Primer: Climate Change in the Antarctic Peninsula

Ice Shelves

The break-up of the Larsen B ice shelf occured in early 2002. This event has been attributed to the effects of global warming. That it occurred is beyond dispute and that it is a result of the warming of the Antarctic Peninsula where it is situated is also beyond dispute. What remains unclear is whether or not this is a taste of things to come and an indicator of an Antarctic-wide phenomena or simply a localized result of the localized warming of the Antarctic Peninsula region alone.

An ice shelf is a thick layer of ice that is floating on the sea. They are fed from the land by glaciers. Where the ice leaves the land and starts to float on the sea is a region known as the “hinge zone” where the ice is particularly chaotic, broken-up and a nightmare to try and travel over. Ice shelves surround much of Antarctica.
The Larsen B ice shelf was about 220m thick (720 feet) and during a 35 day period in early 2002 lost about 3,250 km2 of ice into the ocean. It is thought to have been in existence for at least 400 years prior to this and probably as long as 12,000 years since the end of the last ice age.

Such disintegration in such a short time period is therefore an extremely significant event. What now remains of the Larsen B is about 40% of what was there in 1995. It had been breaking up at what was considered to be a rapid rate anyway before this major event. The break-up is thought to be a consequence of higher temperatures and large amounts of summer melt-water running down crevasses in the ice shelf so speeding the disintegration process. Overall in the Antarctic Peninsula, seven ice shelves have between them declined in area by about 13,500 km2 since 1974.

A more recently seen phenomenon that follows this ice shelf collapse is that the glaciers that fed the ice shelf seem to now be speeding up their flow down to the sea. This will certainly deposit more water in the oceans, and as this was previously on the land it will add to an increase in sea-level. The Antarctic peninsula doesn’t have enough ice to make much of a difference to sea level in itself even if it were all to melt, but it is best seen as an indicator region that can be observed to enhance understandings of the mechanisms in other parts of the world.


Antarctica’s only two flowering plant species that grow only on the Peninsula have spread considerably in the last few decades in both geographic distribution and also abundance in the areas where they are found. In some areas they are becoming the dominant species. Adelie penguins (Pygoscelis adeliae) have also been suffering a steady decline in parts of the Antarctic Peninsula region for the last 20 years. Adelie are reducing in number and abandoning certain nesting sites while Chinstrap penguins (Pygoscelis antarctica) are taking their place. Adelie require pack ice for most of the year and feed almost exclusively on Krill, Chinstrap penguins will eat a wider variety of foods and prefer open water. The sea ice has declined over the last 20 years with the rise in temperature in the Peninsula region. Gentoo penguins (Pygoscelis papua) have also started to nest on the Peninsula in recent years, for the first time in living memory ( and it needs to be noted that any memory of Antarctica doesn’t stretch much beyond only a hundred years). Studies of the bones and remains found in abandoned colonies indicate that prior to 1950, no Gentoo penguins nested in these sites at all.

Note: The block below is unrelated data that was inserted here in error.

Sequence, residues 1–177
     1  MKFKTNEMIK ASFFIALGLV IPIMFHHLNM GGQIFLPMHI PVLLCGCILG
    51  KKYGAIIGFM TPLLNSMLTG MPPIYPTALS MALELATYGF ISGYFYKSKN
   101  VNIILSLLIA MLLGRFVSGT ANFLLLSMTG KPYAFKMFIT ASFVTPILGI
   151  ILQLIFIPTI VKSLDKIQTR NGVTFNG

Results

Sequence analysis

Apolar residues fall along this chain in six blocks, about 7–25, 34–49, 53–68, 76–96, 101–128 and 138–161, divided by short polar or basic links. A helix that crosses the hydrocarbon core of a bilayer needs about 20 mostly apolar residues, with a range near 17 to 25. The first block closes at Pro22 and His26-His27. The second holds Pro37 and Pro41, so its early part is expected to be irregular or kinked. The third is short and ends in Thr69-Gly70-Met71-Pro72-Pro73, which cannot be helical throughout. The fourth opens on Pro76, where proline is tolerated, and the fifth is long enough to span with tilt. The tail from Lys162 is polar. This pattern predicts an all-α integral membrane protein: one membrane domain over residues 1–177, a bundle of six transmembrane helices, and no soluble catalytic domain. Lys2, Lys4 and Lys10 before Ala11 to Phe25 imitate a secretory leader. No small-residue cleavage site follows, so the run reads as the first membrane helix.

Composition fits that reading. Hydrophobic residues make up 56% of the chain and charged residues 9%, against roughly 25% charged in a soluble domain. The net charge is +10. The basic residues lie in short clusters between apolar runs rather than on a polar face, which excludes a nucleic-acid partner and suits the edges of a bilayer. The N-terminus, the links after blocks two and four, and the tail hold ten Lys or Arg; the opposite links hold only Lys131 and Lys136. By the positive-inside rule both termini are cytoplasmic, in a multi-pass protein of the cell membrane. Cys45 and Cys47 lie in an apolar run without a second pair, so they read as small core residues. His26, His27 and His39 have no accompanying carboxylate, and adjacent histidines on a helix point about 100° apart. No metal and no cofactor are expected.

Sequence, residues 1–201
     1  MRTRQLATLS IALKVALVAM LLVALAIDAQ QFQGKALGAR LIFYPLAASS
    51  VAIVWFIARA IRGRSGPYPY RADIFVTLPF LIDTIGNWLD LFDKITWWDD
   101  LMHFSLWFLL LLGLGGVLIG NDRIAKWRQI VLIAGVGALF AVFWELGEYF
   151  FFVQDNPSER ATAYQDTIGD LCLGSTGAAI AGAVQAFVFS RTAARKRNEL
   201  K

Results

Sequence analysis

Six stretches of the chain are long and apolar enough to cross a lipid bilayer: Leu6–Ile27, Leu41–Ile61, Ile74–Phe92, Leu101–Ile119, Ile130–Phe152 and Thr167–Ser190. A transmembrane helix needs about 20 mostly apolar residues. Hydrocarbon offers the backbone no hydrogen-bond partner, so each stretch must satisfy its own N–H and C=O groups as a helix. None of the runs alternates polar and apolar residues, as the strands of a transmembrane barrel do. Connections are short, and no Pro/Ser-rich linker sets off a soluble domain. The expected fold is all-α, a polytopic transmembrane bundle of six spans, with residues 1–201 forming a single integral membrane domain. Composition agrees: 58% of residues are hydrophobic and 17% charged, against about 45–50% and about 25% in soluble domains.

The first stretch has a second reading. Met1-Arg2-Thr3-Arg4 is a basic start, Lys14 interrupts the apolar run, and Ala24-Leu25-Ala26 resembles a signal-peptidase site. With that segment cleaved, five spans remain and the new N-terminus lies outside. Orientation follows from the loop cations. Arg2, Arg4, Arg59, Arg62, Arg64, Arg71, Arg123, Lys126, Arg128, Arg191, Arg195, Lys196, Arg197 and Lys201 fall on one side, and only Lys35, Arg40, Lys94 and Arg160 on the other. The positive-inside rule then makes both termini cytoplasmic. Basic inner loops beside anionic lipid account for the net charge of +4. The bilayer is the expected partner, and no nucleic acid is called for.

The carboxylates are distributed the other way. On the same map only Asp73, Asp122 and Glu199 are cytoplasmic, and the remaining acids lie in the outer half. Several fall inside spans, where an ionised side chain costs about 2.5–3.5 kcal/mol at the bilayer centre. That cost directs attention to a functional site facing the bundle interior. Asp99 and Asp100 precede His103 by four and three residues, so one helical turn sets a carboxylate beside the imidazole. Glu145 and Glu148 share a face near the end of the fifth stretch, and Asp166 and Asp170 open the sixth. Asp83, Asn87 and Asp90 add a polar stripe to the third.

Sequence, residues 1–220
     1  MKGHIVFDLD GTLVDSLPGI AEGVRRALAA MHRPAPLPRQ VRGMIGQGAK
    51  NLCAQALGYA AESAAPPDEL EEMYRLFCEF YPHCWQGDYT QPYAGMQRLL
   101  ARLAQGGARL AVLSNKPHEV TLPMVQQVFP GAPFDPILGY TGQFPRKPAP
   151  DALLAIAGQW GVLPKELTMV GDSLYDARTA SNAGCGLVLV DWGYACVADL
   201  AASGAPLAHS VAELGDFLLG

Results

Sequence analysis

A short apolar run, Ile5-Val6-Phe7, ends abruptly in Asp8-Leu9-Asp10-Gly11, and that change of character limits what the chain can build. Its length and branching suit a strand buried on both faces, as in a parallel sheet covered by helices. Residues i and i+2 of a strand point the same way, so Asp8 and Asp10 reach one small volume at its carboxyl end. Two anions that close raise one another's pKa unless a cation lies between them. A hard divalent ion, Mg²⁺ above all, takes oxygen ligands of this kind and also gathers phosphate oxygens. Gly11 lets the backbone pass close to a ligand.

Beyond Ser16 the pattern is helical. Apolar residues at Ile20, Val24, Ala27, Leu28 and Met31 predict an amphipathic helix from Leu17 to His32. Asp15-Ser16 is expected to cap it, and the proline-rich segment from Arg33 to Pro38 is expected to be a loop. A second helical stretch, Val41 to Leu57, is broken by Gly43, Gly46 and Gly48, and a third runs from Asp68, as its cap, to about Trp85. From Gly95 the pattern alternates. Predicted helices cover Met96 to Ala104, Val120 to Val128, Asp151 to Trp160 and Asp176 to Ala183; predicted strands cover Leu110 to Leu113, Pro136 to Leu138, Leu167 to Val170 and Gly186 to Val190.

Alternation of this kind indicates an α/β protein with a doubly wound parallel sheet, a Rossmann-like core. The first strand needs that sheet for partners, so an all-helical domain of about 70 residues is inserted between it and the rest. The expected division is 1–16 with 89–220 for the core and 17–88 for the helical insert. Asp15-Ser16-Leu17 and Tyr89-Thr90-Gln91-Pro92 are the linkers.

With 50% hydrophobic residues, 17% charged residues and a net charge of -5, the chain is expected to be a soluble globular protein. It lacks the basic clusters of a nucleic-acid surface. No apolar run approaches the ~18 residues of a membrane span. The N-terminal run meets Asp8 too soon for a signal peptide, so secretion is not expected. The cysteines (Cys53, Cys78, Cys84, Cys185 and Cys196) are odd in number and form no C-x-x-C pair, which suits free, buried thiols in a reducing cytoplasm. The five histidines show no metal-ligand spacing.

Krill shortages

Studies (November 2004) have shown that stocks of krill in Antarctica have declined dramatically in recent years. The reason for this is likely to be a fall in the amount of sea ice in the winter months particularly in the Antarctic Peninsula region. Krill numbers may have dropped by as much as 80% since the 1970’s - so today’s stocks are a mere 1/5th of what they were only 30 years ago. The decline in krill may in turn account for the decline in the numbers of some penguin species. Dr Angus Atkinson from British Antarctic Survey, says:”This is the first time that we have understood the full scale of this decline. Krill feed on the algae found under the surface of the sea-ice, which acts as a kind of ‘nursery’. The Antarctic Peninsula, a key breeding ground for the krill, is one of the places in the world where there has been the greatest rise in temperatures due to global warming. This region has warmed by 2.5C in the last 50 years (much more than the mean global rate), with a striking consequential decrease in winter sea ice cover. “We don’t fully understand how the loss of sea-ice here is connected to the warming, but we believe that it could be behind the decline in krill.”

There are commercial implications as well as scientific ones. The Southern Ocean is a valuable fisheries resource, many of the species caught feed on krill. Thousands of tourists are also attracted to Antarctica to enjoy the spectacular wildlife, most of which feed on krill.

There has been previous speculation that krill stocks might have decreased, based on smaller more localized surveys over shorter time periods. This new finding comes from data from nine countries working in Antarctica who pooled their separate data covering 40 Antarctic summers, in the period between 1926 and 2003. This is the first time such a large-scale view of change across the Southern Ocean has been seen. Another animal that feeds on the same phytoplankton food as krill, jelly-like colonial animals called salps that drift in the ocean currents have increased in the same time the krill have decreased. This decline in krill will also make it more difficult for the great baleen whales to return to pre-exploitation levels following their decimation in numbers during the years from approximately 1925-1975.

Ocean Geograpic